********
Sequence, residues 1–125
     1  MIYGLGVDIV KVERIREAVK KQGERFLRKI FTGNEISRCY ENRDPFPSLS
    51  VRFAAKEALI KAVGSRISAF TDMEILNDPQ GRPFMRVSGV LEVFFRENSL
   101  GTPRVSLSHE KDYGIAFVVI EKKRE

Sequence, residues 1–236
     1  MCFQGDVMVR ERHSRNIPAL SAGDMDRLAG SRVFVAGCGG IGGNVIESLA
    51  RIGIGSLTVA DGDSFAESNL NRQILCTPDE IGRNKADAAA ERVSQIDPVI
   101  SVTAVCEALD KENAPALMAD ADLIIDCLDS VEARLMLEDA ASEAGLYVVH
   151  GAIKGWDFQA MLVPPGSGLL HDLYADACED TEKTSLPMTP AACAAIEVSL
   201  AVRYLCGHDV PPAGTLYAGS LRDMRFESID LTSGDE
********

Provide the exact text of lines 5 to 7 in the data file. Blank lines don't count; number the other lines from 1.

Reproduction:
Sequence, residues 1–236
     1  MCFQGDVMVR ERHSRNIPAL SAGDMDRLAG SRVFVAGCGG IGGNVIESLA
    51  RIGIGSLTVA DGDSFAESNL NRQILCTPDE IGRNKADAAA ERVSQIDPVI